People with mental disorders are estimated to die 25 years younger than the general population, and heart disease (HD) is a major contributor to their mortality. We assessed whether Veterans Affairs (VA) health system patients with mental disorders were more likely to die from HD than patients without these disorders, and whether modifiable factors may explain differential mortality risks.
Methods
Subjects included VA patients who completed the 1999 Large Health Survey of Veteran Enrollees (LHSV) and were either diagnosed with schizophrenia, bipolar disorder, other psychotic disorders, major depressive disorder or other depression diagnosis or diagnosed with none of these disorders. LHSV data on patient sociodemographic, clinical and behavioral factors (e.g., physical activity, smoking) were linked to mortality data from the National Death Index of the Centers for Disease Control and Prevention. Hierarchical multivariable Cox proportional hazards models were used to assess 8-year HD-related mortality risk by diagnosis, adding patient sociodemographic, clinical and behavioral factors.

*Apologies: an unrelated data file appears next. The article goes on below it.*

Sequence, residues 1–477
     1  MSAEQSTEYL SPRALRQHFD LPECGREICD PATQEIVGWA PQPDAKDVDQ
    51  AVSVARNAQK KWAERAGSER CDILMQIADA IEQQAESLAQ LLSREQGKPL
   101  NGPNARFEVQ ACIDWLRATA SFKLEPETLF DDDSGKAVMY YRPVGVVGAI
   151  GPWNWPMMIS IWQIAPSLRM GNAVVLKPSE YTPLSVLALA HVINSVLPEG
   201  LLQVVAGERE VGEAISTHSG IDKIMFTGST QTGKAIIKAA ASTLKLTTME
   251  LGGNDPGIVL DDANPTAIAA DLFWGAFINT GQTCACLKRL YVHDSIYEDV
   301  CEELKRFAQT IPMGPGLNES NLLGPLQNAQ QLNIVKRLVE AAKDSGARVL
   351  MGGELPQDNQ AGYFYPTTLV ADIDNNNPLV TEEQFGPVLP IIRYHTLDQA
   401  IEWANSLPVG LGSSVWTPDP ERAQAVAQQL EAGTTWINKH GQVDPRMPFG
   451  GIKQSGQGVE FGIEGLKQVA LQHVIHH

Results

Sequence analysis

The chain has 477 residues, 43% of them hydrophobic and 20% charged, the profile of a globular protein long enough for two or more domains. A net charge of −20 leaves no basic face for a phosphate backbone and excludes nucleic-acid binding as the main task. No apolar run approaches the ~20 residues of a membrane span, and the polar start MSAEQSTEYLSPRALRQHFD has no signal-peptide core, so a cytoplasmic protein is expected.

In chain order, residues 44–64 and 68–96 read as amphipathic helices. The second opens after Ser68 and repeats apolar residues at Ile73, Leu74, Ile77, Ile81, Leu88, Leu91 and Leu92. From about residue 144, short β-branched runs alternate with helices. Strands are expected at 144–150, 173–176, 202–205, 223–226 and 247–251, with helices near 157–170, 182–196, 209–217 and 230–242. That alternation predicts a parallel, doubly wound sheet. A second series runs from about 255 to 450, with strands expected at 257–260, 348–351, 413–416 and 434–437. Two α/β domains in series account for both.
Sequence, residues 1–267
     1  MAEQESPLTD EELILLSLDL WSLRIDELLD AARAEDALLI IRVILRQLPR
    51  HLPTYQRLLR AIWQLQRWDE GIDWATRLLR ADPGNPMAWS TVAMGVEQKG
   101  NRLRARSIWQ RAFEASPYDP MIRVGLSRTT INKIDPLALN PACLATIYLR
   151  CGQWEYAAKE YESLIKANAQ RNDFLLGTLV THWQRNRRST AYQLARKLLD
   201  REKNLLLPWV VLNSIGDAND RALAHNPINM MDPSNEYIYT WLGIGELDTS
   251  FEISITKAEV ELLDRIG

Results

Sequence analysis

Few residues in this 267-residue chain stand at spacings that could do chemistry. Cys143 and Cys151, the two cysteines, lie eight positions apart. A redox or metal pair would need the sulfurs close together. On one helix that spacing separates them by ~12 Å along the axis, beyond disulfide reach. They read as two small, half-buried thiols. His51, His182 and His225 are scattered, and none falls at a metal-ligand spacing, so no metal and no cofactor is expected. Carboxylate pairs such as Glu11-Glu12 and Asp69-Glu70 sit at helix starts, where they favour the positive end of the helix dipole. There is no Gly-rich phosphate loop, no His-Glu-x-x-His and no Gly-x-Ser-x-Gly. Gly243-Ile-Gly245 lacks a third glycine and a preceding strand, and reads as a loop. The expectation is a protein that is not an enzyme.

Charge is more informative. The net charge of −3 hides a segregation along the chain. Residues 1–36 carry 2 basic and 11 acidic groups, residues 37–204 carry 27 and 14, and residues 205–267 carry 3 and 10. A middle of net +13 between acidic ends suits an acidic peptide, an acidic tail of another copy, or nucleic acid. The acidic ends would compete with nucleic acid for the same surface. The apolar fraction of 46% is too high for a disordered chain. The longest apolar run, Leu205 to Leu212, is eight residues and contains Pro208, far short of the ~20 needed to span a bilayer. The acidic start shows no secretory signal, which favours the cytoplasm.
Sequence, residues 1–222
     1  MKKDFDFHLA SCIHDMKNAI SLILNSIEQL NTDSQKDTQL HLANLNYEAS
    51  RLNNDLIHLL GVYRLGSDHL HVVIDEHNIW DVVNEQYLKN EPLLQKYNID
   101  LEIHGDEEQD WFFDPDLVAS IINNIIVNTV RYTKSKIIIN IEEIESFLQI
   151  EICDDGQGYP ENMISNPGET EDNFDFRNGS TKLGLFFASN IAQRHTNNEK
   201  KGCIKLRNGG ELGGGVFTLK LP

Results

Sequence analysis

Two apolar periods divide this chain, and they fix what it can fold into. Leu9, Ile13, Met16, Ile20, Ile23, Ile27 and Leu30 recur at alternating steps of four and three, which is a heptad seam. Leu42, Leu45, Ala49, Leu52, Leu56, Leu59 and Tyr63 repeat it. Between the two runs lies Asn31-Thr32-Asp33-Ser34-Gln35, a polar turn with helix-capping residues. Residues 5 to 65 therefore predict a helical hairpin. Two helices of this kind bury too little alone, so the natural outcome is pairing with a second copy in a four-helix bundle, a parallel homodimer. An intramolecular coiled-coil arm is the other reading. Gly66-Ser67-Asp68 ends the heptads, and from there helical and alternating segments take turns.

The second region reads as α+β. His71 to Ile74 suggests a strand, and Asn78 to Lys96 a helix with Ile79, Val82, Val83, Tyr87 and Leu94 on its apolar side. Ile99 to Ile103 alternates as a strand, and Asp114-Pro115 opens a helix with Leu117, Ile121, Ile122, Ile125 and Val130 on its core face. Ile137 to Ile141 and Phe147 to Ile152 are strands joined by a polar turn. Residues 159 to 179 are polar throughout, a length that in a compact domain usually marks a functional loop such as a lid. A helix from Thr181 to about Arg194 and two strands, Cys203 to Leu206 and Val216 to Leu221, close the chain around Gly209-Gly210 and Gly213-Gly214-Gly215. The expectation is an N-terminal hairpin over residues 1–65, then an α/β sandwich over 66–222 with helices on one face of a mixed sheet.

Results
Of 147,193 respondents, 11,809 (8%) died from HD. After controlling for sociodemographic and clinical factors, we found that those with schizophrenia [hazard ratio (HR)=1.25; 95% confidence interval (95% CI): 1.15–1.36; P<.001] or other psychotic disorders (HR=1.41; 95% CI: 1.27–1.55; P<.001) were more likely to die from HD than those without mental disorders. Controlling for behavioral factors diminished, but did not eliminate, the impact of psychosis on mortality. Smoking (HR=1.32; 95% CI: 1.26–1.39; P<.001) and inadequate physical activity (HR=1.66; 95% CI: 1.59–1.74; P<.001) were also associated with HD-related mortality.
Conclusions
Patients with psychosis were more likely to die from HD. For reduction of HD-related mortality, early interventions that promote smoking cessation and physical activity among veterans with psychotic disorders are warranted.